Rethinking Interaction in Jazz Improvisation

By Givan, Benjamin | Music Theory Online, September 2016 | Go to article overview

Rethinking Interaction in Jazz Improvisation


Givan, Benjamin, Music Theory Online


[1] In the wake of Paul Berliner's and Ingrid Monson's landmark interview-based research of the mid-1990s, the notion that "good jazz improvisation is sociable and interactive just like a conversation" (Monson 1996, 84) has become near-conventional wisdom in the field of jazz studies.(1) Numerous other scholars have since demonstrated conclusively that spontaneous ensemble interaction is a prominent element of jazz, and in so doing have greatly enrichened our knowledge and understanding of this signal Afrodiasporic art form as both a musical and a social practice.(2) Some have even gone so far as to characterize jazz as "a music that demands interaction" (Doffman 2011, 213); it has been said that dialogical interplay between participants is "fundamental and always present" within the idiom (Szwed 2000, 65), that it is "continual" (Gratier 2008, 80) and "constant throughout a performance" (Iyer 2004, 394), and that "if [it] doesn't happen, it's not good jazz" (Monson 1996, 84). Yet the concept of interaction in jazz nevertheless remains somewhat undertheorized. More still needs to be said about what, exactly, it is, and about the various roles it plays in everyday performance practice.

[2] For the purposes of this discussion, I define musical interaction as involving one or more members of an ensemble improvising spontaneously in response to what other participants are playing.(3) Improvisation, in itself, need not necessarily be interactive. But interaction, as defined here, occurs extemporaneously, rather than being predetermined in the manner of a scripted conversation or, say, the contrapuntal interplay in a fugal Baroque composition.(4) Musicians' statements and performance practices suggest that interaction, so conceived, can take a variety of different forms, some of which are ubiquitous in most any live performed music, including jazz, while others--including modes of interaction that are considered highly characteristic of jazz--are far from omnipresent in this particular idiom and can even at times be undesirable. If we can better understand when and why jazz musicians sometimes claim to prefer noninteractive performance conditions, we will be able to recognize more clearly the nature and limits of improvisatory interaction itself, as well as to differentiate more precisely between some of its various manifestations. We will also be positioned to briefly step back and consider why interaction emerged as a major focus of jazz scholarship at a particular point in time, and this trend's consequences for how jazz is viewed within the academy today.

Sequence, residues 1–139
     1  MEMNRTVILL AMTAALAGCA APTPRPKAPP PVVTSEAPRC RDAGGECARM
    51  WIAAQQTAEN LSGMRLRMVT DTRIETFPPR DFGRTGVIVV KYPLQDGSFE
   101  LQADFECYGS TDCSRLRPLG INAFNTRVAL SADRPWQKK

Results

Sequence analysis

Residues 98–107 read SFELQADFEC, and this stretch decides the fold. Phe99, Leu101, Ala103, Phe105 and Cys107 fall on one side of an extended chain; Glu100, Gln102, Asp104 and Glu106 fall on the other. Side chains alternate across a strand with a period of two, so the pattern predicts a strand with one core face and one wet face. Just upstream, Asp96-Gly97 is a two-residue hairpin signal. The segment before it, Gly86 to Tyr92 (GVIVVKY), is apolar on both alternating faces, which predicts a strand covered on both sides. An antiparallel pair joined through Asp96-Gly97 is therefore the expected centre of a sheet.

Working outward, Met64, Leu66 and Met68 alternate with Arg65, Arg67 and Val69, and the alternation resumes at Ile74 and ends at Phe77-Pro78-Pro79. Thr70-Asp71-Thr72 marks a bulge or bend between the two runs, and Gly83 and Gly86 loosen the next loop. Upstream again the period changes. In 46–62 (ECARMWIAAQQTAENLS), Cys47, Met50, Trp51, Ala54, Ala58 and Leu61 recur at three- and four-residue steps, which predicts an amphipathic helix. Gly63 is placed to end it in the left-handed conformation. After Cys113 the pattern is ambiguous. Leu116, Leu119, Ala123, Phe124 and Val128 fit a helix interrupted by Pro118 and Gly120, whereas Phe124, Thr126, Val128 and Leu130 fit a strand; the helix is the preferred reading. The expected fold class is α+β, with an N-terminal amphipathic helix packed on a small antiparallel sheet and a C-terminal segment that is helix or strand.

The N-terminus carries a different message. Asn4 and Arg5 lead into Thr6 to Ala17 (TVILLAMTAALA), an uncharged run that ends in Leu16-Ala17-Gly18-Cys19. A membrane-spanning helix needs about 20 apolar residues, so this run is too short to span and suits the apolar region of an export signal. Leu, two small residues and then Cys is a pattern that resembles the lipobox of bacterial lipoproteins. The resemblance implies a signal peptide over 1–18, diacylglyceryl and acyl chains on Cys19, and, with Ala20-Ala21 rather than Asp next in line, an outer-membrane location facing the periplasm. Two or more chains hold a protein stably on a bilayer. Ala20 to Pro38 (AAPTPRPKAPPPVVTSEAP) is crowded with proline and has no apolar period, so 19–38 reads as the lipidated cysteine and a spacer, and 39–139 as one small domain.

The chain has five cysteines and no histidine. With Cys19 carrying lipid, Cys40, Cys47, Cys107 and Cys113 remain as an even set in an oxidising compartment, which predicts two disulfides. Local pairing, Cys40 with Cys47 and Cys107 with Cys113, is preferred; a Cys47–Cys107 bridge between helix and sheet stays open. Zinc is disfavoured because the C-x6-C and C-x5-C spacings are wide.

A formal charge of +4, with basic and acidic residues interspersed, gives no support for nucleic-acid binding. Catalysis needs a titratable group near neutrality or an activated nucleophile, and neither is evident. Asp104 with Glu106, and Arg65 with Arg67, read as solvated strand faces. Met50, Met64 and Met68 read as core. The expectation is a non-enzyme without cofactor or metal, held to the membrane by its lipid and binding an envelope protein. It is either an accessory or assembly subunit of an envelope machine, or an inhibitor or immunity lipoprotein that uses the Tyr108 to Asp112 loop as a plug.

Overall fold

[3] Jazz musicians do not always regard ensemble interaction as essential. For one thing, the idiom has a long tradition of unaccompanied solo playing. Pianist Billy Taylor (1921-2010) once observed that:

Many keyboard players enjoy improvising alone because solo playing gives them the freedom to organize all the elements of their music completely on their own terms. When playing solo, they do not have to react or respond to musical phrases, harmonic tensions, or rhythmic patterns provided by other musicians, as they do in jazz groups. Sometimes this leads to self-indulgent music which is boring and formless, but on other occasions the player is able to create music which is meaningful to many listeners on many different levels (1982, 23).(5)

Needless to say, jazz is a diverse art form, and Taylor plainly depicts solo playing as an exception to the norm. Moreover, when playing unaccompanied, many jazz pianists tend to mimic the idiom's typical interactive group format by enacting several ensemble roles concurrently. Taylor himself might treat a rubato unaccompanied ballad as an opportunity for unfettered pianistic self-expression, but when playing up-tempo alone he was more likely to support his right hand's horn-like melodic lines with left-hand stride patterns, walking tenths, or chordal bebop comping, all strategies embodying the dynamics of a multi-person rhythm section. …

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